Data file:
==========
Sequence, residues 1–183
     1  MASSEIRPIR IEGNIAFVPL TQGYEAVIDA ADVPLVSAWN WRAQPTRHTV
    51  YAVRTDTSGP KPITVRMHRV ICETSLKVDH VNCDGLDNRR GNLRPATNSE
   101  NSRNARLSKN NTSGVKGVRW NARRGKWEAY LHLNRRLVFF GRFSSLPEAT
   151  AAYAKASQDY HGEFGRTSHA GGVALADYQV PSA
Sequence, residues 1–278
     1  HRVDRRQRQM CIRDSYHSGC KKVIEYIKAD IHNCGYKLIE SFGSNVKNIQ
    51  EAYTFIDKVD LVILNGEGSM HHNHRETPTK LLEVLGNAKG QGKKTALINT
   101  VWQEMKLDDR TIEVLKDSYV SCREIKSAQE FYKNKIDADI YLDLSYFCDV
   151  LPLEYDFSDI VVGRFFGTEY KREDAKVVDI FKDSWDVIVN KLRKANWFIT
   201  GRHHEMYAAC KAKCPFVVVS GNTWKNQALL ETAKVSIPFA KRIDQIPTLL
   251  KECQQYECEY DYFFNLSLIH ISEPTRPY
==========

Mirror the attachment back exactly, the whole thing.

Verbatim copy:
Sequence, residues 1–183
     1  MASSEIRPIR IEGNIAFVPL TQGYEAVIDA ADVPLVSAWN WRAQPTRHTV
    51  YAVRTDTSGP KPITVRMHRV ICETSLKVDH VNCDGLDNRR GNLRPATNSE
   101  NSRNARLSKN NTSGVKGVRW NARRGKWEAY LHLNRRLVFF GRFSSLPEAT
   151  AAYAKASQDY HGEFGRTSHA GGVALADYQV PSA
Sequence, residues 1–278
     1  HRVDRRQRQM CIRDSYHSGC KKVIEYIKAD IHNCGYKLIE SFGSNVKNIQ
    51  EAYTFIDKVD LVILNGEGSM HHNHRETPTK LLEVLGNAKG QGKKTALINT
   101  VWQEMKLDDR TIEVLKDSYV SCREIKSAQE FYKNKIDADI YLDLSYFCDV
   151  LPLEYDFSDI VVGRFFGTEY KREDAKVVDI FKDSWDVIVN KLRKANWFIT
   201  GRHHEMYAAC KAKCPFVVVS GNTWKNQALL ETAKVSIPFA KRIDQIPTLL
   251  KECQQYECEY DYFFNLSLIH ISEPTRPY